“What is a visit” Poll Results

16 April, 2023 | Blog, News

One of the unique features of NomadMania is that we verify the travel achievements of members, thereby developing a trusted and engaging community. However, tehere is a never ending discussion regarding what should be considered a visit and what not.

So we decided to run a poll and leave it for you to decide. Here are the answers in regard to various travel situations.

Poll 1 (July – August 2022)

This poll was conducted between July and August 2022. Our manager at the time admitted that when she saw this poll and the sheer number and the scope of questions, she thought no one will bother to reply. But she knew she was wrong after replying to all of the questions herself, as she found herself drawn to read more and more including the sometimes silly and somewhat extreme situations that Trav and Ling find themselves in.

We ended up with 987 replies and a considerable amount of data. This is, of course, open for any discussion and interpretation that you may want to bring to the table, but we did draw some conclusions out of this.

If you are very much into this kind of stuff, we are providing a full analysis of the poll on this page, while we will present only some of the most interesting results below.

Our poll and presentation were split into different means of transit, that started with aviation. Here we share our very first question and the clearest result.

Our first firm conclusion, which was then confirmed in many other variations of similar questions – airport transits without leaving the ground of an Airport are NOT considered a visit to a country or a region.


The second question led our Trav outside of his terminal and immediately, we noticed a divergence in our results. This continued onward through our poll, so we made a clear split of the groups of travellers.

One concerned the respondents’ age and we have the two extremes here – travellers below 34 years old and travellers above 55 years old. These both groups were to show a slight divergence in terms of percentage of results, with older travellers tending to be more inclined to accept visits.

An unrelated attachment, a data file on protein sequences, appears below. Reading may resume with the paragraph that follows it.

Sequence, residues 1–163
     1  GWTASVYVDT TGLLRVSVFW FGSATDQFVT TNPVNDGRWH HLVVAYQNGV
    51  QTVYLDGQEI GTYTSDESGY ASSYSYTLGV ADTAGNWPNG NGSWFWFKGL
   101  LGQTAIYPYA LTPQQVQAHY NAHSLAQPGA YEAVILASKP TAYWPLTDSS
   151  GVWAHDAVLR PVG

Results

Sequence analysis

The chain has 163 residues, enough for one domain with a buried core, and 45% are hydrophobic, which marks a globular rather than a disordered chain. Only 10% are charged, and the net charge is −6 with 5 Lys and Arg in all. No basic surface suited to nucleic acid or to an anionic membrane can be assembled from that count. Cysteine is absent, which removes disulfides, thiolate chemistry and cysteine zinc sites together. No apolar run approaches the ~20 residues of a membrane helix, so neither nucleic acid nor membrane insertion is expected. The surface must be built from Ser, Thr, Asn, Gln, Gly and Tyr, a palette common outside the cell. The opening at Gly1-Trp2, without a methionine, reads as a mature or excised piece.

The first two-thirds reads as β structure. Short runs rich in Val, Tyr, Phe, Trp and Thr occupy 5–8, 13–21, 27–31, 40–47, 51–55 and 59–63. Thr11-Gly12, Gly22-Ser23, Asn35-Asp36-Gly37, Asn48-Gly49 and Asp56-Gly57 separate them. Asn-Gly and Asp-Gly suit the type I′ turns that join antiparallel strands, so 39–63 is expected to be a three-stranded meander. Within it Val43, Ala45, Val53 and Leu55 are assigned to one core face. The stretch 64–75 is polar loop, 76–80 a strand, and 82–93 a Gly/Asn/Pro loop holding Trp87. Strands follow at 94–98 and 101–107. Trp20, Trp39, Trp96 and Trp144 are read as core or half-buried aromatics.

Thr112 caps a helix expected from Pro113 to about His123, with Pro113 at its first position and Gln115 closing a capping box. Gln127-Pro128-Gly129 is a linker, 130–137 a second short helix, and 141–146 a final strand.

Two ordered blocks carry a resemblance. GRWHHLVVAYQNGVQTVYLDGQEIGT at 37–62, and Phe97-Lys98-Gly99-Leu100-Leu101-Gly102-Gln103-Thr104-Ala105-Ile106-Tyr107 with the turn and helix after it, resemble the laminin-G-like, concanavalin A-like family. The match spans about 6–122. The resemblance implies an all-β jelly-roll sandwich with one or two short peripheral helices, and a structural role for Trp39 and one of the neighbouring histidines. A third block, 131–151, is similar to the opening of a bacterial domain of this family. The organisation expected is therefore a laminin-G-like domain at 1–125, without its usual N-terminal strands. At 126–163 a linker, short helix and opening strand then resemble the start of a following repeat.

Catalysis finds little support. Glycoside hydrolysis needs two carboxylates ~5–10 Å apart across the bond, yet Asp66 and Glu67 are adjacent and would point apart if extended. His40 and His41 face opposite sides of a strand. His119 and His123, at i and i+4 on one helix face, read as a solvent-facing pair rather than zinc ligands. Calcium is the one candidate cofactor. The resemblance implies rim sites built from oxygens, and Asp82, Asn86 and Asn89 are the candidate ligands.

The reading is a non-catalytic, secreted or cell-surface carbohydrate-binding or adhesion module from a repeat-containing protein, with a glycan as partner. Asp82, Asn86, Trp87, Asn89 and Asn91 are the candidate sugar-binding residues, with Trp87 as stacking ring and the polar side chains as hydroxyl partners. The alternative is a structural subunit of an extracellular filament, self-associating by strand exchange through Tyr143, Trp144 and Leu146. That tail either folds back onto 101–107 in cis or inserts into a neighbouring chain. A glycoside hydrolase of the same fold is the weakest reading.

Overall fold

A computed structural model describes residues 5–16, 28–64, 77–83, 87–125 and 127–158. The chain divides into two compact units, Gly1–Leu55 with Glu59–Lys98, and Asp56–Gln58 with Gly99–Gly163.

The other parameter involved travel intensity, or travel experience, with travellers split into those with less than 150 NomadMania regions and  those with more than 400. Perhaps surprisingly, the more experienced travellers were more likely to accept visits than the less travelled ones.


Our next travelling theme was railway travel and here we received some not so unanimous results. This led us to a conclusion that more surveys are needed to reach a final consensus about what the community thought about what is or is not a visit.


Road travel, at least in the case of a bus, painted a similar picture as the previous two. It appears that our community is not so keen to accept any kind of visit that only includes stations/airports. The breaking point seems to be getting out of such places and seeing at least a bit – even if it’s just the Jackson street in Dallas or a roundabout in Addis Abbaba.

This was somewhat different with car travel, which included a bit more flexibility and not even leaving your car was needed to pay a good visit to a place assuming you had seen something or had a meaningful experience.


Maritime travel reminded us of our roots that include the infamous quick ‘touch down’ to the grounds of the place that we’re visiting in order to consider it visited. We could clearly see that the more time was spent walking in the location where Trav and Ling had sailed into, the more likely it was to be considered a visit by our community.


Finally, we included some special and bizarre cases that were both fun and ridiculous. We discovered that a totally blacked out ‘visit’ to a place is considered to be as a legitimate way to get to know a place by sometimes as many as 47% of our community members.

This all led to some head scratching moments and the big decision – we would repeat the poll in late November with similar, yet modified questions, in order to confirm the validity of the results so we could then create some firm policies.


In short – these were the conclusions that we shared. It still remains to be seen what course of action this will lead us to after we repeat the poll on ‘what is a visit’.

So stay tuned, follow what is going on with our main page and please, by all means, take part in the next poll. The last thing that we want to do is decide on such issues on our own and this is why it’s so important to cast your vote whenever you can.

Poll 2 (December 21-31, 2022)

We asked most aviation questions in our first poll, so this second one focused on other issues, including transit by land, with four questions presenting different versions of our mascot Ling’s transit from Greece to Serbia via North Macedonia.

Our poll indicates that the threshold is experiencing something significant. 59% reject the transit when this only involves a quick stop at a gas station even if Ling went out of the car to buy a bottle of water; however in the example where Ling did not get out of the car but drove around Skopje and saw the town, 62% did consider this a visit. Implication: putting your foot on the ground is not enough on its own, but it isn’t even necessary if you see something of the country. It goes without saying that just ‘crossing the line’ into a country/region is totally rejected as a consequence of this vote.